One of the main challenges for tomato growers in recent years has been the difficulty in controlling Tuta Absoluta.
A tiny tomato leafmine (Lepidoptera : Gelechiidae), Tuta Absoluta is causing devastating effects for growers in the mediterrenean region.
The pest originated from South America where it has been around since the 60’s and was first found in Spain in 2006 where it probably came from infested plants or fruits. It rapidly spread all over the Mediterrenan region where it found a perfect environment to reproduce. Tuta Absoluta is also found on potato and Aubergines. It affects both outdoor and greenhouse tomatoes.tomatoes in production line

This gelechiidae moth has shown an incredible capacity to adapt to environmental and climate change as well as enormous biotic capacity.
It is about 5-7 mm long with a wingspan of almost 1cm. An adult female can lay up to 260 eggs during its lifetime and hatch after 4-5 days. It can overwinter as eggs, pupae in the ground or in the plant.
In a tomato plant it appreciates everything but the roots and it can
infect it at any stages of its development, from seedling to the point where the tomato is fully mature, it infects most parts of the plant (leaves, stems ,flower fruit).
Tuta Absoluta behaves like leaf mine, the larvae mine the leaves or tomato fruit, producing galleries and burrow into the fruit. The damage in the worse case can make 100% of harvest unusable for commercialization.
The insects lay their eggs under the leaves or stem. Once the egg hatches the larvae penetrates into the leaves and tomato fruit creating long galleries.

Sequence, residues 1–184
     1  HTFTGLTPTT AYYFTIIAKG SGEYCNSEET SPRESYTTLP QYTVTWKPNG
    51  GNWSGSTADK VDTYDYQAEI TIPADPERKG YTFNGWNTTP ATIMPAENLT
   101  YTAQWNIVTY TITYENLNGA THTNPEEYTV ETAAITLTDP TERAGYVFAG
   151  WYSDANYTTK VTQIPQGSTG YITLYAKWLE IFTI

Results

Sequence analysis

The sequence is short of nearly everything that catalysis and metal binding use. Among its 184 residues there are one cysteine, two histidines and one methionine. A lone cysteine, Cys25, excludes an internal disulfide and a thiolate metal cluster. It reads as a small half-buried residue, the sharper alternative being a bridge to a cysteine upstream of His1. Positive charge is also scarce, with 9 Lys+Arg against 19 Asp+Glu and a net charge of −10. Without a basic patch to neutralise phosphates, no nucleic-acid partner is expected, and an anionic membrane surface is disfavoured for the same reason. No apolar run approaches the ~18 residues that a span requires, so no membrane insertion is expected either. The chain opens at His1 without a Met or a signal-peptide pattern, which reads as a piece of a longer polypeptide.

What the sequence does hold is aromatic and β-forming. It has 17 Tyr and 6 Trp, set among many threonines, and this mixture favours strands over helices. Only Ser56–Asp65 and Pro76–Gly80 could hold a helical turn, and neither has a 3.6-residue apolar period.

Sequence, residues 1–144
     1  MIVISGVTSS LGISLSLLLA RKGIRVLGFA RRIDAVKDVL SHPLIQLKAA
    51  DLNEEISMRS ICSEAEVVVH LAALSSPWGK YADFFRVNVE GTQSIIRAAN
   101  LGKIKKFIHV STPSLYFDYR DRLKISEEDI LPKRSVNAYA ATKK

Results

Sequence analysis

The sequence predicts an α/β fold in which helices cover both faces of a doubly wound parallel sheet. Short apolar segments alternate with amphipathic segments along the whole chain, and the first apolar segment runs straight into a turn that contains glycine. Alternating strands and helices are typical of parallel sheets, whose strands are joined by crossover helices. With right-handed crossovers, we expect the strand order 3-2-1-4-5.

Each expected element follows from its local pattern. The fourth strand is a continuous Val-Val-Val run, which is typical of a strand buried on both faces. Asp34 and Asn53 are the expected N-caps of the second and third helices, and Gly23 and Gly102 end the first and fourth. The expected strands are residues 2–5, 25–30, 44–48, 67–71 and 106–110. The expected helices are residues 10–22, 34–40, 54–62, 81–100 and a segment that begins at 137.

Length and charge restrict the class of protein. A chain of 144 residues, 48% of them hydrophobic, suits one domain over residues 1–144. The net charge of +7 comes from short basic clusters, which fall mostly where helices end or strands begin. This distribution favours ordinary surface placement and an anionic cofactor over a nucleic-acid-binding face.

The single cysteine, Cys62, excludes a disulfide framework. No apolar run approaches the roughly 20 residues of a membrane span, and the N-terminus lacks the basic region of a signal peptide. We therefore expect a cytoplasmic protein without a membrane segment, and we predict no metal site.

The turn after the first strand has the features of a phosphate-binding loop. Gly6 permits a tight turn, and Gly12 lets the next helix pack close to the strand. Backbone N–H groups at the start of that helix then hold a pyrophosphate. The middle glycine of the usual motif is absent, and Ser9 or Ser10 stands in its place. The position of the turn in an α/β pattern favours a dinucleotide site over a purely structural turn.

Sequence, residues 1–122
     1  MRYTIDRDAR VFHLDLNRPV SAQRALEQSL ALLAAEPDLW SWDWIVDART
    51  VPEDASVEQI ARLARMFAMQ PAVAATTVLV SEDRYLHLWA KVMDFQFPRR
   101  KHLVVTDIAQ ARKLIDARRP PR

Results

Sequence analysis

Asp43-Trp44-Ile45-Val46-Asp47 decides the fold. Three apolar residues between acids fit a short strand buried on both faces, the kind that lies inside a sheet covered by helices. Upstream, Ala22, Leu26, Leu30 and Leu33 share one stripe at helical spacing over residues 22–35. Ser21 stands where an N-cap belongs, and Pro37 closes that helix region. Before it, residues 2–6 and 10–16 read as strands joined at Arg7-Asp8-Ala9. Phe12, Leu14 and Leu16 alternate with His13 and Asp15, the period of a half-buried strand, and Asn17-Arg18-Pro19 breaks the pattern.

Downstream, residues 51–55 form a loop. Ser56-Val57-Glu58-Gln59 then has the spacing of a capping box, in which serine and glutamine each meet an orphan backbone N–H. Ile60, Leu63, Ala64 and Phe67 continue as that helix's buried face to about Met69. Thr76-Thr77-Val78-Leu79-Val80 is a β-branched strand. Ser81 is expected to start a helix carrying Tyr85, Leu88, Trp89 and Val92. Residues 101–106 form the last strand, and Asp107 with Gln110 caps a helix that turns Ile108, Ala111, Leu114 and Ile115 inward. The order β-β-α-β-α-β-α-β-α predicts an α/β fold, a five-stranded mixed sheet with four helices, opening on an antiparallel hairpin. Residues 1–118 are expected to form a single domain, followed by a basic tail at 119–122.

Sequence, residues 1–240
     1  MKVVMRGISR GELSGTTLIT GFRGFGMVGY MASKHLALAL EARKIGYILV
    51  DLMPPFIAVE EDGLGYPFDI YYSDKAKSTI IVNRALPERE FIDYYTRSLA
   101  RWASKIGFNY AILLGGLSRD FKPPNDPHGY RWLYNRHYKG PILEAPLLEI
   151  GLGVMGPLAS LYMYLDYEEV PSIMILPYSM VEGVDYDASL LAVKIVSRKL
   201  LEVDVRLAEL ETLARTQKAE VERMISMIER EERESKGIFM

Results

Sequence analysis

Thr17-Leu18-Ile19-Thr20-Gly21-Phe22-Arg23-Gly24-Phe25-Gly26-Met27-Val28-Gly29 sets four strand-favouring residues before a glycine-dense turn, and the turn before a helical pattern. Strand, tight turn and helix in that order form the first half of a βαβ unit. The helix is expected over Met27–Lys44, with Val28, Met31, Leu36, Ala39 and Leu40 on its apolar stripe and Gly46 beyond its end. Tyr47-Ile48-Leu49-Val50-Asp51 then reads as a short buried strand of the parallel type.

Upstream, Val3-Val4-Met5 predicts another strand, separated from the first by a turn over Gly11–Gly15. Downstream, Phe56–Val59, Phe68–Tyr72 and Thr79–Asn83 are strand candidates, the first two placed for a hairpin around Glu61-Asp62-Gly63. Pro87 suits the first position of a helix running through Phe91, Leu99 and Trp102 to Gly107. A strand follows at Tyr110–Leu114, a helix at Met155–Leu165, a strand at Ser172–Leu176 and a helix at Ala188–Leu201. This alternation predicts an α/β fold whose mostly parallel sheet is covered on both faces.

The moth reproduces very frequently in a year (10 to 12 times) and lives for around 25 – 40 days in the summer period without diapause if the climate is favourable and there is a continuation in the plant cycle (9-10 months cycles in greenhouses).

Tuta Absoluta has been found very difficult to control, it has shown to be resistant to pesticides and has few natural enemies. The use of biological factors are not fully developed and research assistance is experimenting with various integrated pesticide systems in order to formulate the best practices and information and guidance to tomato growers.

Integrated pest management are being tested and include various techniques from massive trapping before planting, clearing the soil of residues 6 months resting before replanting, crop rotation with non solacenee species, release of natural enemies, and application of special grids in case of greenhouses .
Other systems include trapping of the pest with pheromone baited traps in water. Agraz is also experimenting with biological tests to fight Tuta Absoluta. One of these was to release a natural predator named Nesidiocoris tenuis. The result of this test has been outstanding. We have managed to reduce the input of chemicals treatment with significant economic savings.